Kwanzaa: An African American and Pan-African Holiday “Celebrating 25 years at Morgan State University”
The Office of Community Service at Morgan State University held their annual Kwanzaa celebration on December 3rd in the University Student Center. The event focused on giving back to Baltimore City’s youth.
Upon arrival, every guest had to register. At this event, it represented the African American culture celebrating 25 years. There where vendors available selling items to reflect African heritage. Some of the things that were sold were clothing, jewelry and hats.
The event was open to the public, as Morgan students taught grade students from grades k-12 about the seven day celebration that takes place in three weeks. Parents brought their children to the event so that they could gain knowledge of what Kwanzaa is and what it represents. In that, each child had the opportunity to take part in activities planned for the day, which included face painting, arts and crafts, a scavenger hunt and games.
At noon, a program was set for all guests to get a glimpse of Kwanzaa by seeing it through song, dance, step and skits prepared by Morgan students, children from schools in the community and residents of Baltimore.
As the program went on throughout the day, a band performed near the stage and played songs from African roots. Some children were picked to come on stage to state their name, what school they attend and a career path for the future. One of the children that spoke, said that they would like to become a millionaire. When the child was asked what they would do with it, the child responded “A large pizza!”
Morgan faculty, staff and students made this event a success by setting up the ballroom with decorations, having lunch served by volunteers, and making sure guests were comfortable. Every child in attendance enjoyed the program and learned a lot to share with others.
In 1966, Kwanzaa was established by Dr. Maulana Karenga, a professor of Africana Studies at California State University, Long Beach. Karenga is an author and scholar-activist that teaches the importance of an integral need to preserve, continually regenerate and promote African American culture.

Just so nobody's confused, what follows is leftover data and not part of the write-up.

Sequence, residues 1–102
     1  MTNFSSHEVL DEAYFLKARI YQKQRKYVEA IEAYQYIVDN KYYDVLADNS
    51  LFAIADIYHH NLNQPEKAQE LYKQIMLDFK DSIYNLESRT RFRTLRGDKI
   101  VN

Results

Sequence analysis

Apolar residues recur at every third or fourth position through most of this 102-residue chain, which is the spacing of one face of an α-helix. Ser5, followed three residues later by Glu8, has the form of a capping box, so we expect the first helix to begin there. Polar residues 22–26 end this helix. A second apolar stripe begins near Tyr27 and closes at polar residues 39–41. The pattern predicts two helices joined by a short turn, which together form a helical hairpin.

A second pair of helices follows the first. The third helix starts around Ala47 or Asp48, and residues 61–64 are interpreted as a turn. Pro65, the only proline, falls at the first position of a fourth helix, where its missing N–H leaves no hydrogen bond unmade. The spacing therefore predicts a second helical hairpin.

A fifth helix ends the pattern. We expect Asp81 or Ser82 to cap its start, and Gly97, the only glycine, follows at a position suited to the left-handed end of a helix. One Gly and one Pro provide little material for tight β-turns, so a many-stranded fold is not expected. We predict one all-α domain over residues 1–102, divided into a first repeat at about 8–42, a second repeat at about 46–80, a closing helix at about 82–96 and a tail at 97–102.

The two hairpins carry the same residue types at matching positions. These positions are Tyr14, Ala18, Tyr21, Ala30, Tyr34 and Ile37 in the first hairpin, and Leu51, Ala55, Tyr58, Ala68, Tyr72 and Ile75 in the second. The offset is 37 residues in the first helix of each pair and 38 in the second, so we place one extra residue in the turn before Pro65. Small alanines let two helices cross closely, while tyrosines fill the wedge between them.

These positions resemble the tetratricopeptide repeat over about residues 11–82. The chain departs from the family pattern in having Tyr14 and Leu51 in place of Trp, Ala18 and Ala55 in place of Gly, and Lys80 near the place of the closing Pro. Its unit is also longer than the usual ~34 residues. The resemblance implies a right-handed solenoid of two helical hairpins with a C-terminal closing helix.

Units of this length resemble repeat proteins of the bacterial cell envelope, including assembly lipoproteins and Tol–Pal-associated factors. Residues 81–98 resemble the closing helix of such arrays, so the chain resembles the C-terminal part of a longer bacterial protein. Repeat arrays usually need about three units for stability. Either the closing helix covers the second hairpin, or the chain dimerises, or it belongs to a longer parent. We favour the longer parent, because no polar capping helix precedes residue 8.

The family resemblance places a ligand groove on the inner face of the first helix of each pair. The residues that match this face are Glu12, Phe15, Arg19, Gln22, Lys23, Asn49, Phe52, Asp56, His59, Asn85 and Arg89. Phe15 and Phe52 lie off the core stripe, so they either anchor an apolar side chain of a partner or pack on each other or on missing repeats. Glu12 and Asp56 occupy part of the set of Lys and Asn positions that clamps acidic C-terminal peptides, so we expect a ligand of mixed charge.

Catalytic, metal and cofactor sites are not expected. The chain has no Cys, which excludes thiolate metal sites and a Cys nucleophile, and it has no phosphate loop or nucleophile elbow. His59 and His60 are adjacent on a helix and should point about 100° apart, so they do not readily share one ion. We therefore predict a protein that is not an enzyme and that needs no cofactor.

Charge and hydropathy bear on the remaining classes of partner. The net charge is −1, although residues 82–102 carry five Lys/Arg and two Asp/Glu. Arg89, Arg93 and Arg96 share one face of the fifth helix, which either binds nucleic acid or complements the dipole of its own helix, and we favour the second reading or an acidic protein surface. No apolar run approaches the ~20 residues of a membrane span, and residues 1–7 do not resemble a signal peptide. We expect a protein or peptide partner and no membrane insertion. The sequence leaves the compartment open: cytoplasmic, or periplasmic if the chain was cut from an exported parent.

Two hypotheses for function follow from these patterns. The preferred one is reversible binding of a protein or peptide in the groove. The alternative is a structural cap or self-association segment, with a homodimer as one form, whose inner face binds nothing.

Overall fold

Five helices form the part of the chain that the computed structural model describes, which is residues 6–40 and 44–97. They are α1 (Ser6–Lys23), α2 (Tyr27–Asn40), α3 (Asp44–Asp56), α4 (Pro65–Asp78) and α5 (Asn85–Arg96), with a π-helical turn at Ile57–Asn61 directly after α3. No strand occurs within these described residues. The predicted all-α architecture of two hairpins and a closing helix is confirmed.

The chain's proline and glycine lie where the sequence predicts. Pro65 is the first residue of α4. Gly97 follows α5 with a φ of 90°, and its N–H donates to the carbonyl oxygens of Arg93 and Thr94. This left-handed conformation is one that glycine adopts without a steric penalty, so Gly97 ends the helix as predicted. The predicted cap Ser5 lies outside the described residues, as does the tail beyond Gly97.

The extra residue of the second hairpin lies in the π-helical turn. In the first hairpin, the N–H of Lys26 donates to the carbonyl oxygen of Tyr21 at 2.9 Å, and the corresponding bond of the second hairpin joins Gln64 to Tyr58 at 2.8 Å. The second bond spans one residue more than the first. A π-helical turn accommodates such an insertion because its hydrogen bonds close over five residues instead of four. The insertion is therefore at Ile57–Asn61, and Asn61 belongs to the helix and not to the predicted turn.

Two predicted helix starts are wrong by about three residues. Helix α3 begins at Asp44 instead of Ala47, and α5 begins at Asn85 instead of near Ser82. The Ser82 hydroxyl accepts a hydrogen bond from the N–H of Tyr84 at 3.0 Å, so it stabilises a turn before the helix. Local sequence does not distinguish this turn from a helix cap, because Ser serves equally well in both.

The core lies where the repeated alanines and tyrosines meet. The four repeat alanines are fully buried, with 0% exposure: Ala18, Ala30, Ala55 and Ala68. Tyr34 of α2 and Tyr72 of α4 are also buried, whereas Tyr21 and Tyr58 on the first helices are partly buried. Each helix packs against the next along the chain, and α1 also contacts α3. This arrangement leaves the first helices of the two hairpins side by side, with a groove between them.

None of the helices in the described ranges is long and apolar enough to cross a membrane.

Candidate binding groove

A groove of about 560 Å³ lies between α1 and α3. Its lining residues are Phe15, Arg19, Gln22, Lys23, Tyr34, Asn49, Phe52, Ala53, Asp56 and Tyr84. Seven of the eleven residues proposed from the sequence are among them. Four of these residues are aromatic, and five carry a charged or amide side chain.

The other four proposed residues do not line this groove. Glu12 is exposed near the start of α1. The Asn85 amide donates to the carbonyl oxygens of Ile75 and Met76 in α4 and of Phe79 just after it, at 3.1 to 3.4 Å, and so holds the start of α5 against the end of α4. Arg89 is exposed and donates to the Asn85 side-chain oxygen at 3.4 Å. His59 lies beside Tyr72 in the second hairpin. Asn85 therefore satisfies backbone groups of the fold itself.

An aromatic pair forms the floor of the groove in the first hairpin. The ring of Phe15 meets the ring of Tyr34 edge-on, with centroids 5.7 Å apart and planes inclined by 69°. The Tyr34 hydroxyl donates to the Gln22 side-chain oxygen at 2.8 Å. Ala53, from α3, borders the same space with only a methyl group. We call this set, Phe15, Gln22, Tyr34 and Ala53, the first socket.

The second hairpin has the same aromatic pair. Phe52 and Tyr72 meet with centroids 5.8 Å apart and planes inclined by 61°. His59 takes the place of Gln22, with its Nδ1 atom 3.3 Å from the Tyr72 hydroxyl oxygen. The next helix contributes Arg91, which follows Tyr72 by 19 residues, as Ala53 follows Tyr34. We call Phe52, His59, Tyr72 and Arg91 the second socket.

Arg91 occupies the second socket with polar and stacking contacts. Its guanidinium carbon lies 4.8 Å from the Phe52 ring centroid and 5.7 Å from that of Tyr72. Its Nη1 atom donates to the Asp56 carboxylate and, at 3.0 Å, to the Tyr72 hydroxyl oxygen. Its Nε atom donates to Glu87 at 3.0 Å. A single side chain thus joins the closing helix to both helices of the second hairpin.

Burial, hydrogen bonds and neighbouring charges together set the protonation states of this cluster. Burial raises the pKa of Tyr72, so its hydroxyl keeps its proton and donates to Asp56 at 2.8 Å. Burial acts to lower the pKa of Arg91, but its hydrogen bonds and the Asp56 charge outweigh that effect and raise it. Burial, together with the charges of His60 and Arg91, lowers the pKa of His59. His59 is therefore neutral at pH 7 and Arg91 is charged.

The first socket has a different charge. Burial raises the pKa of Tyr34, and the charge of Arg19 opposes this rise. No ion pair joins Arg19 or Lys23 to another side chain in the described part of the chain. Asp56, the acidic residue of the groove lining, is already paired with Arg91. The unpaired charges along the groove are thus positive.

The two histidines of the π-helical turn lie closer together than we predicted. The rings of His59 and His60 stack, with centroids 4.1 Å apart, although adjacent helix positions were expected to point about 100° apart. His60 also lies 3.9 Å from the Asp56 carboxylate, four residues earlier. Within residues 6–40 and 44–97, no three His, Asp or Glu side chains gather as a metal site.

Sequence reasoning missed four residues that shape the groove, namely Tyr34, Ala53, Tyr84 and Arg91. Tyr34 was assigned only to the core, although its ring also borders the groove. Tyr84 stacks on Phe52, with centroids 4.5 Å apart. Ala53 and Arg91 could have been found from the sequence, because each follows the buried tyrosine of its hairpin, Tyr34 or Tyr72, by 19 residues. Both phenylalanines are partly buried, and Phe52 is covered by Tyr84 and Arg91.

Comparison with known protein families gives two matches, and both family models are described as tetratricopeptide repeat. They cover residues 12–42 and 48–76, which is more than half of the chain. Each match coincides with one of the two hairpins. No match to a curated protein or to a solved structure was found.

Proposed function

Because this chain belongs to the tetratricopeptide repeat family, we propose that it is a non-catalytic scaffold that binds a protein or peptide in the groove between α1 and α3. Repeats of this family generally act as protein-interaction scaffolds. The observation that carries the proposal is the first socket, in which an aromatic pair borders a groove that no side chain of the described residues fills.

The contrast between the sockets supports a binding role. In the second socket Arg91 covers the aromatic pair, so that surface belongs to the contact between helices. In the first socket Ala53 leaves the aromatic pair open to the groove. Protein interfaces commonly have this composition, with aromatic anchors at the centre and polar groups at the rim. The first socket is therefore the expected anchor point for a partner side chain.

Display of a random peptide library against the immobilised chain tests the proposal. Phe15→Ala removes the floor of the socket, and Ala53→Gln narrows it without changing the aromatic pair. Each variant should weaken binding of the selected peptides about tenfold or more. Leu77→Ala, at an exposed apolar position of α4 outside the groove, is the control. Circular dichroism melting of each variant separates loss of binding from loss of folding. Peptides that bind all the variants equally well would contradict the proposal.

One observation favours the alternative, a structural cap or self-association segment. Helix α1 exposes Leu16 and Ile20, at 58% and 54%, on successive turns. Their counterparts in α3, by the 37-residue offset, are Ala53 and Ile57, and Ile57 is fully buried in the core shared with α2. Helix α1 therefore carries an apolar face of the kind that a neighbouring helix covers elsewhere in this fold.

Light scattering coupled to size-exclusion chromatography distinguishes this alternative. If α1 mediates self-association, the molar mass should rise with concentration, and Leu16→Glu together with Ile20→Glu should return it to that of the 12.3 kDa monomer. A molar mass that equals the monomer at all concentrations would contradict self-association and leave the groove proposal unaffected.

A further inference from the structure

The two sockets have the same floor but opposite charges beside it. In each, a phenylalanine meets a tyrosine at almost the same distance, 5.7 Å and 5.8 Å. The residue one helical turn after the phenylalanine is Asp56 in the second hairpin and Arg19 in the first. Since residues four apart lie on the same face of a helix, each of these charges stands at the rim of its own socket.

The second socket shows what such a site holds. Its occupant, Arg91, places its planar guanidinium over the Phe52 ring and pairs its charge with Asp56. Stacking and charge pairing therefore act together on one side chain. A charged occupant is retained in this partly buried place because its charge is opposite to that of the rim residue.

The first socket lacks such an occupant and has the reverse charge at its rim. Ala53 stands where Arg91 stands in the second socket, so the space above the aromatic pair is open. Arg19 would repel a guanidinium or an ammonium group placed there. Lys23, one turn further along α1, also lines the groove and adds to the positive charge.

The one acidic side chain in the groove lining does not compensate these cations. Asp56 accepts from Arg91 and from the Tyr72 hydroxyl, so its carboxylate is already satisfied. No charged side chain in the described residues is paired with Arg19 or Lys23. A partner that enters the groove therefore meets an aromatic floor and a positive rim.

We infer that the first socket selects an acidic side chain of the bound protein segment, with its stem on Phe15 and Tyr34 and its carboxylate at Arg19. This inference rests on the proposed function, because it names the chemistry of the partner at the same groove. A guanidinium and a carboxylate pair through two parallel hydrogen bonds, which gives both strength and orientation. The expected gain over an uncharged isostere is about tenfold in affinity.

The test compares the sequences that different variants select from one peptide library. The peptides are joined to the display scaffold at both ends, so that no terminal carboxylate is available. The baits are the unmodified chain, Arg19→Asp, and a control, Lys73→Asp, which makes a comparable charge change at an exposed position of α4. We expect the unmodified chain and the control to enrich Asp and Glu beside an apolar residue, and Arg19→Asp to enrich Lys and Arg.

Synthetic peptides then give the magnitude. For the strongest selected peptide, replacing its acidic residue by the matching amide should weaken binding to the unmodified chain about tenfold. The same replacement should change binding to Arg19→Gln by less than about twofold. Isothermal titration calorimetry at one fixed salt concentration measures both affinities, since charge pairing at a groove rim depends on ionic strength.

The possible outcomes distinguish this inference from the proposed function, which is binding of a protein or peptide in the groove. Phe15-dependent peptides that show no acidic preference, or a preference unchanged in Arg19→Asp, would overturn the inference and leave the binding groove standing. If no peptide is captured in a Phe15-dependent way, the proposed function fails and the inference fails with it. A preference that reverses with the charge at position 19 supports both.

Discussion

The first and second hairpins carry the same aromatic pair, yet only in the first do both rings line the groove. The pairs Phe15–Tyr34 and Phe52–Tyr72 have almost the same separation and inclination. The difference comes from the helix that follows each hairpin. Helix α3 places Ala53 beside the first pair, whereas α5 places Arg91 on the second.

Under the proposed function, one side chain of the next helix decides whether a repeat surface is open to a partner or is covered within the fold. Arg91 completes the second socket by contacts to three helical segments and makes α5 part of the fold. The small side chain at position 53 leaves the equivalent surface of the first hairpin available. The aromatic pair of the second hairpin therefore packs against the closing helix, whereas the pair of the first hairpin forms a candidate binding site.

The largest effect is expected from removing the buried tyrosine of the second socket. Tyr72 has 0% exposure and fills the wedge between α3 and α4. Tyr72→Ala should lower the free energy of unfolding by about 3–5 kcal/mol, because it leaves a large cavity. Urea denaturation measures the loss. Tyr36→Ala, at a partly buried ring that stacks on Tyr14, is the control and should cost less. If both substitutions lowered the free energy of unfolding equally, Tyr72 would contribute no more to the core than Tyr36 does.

Kwanzaa, is an African American and Pan-African holiday that celebrates family, community and culture. It is celebrated from December 26-January 1. Kwanzaa’s origin came from the first harvest celebrations of Africa.
The name Kwanzaa comes from the phrase “mutunda ya kwanza” which means “first fruits” in Swahili, which represents a Pan-African language that is the most widely spoken African language.
Kwanzaa is rooted back to the first fruits from ancient times in Egypt and Nubia. There are five fundamental activities of Continental African first fruit celebrations that Kwanzaa is built on: ingathering, reverence, commemoration, recommitment, and celebration.
When it comes to the African-American branch of Kwanzaa, it has been rooted in ancient history and culture to celebrate the history of African Americans in America. Kwanzaa is celebrated in America during the holiday drawing the cultures from various African countries.
Kwanzaa is celebrated by African Americans because it traces back history, values, family, community and culture.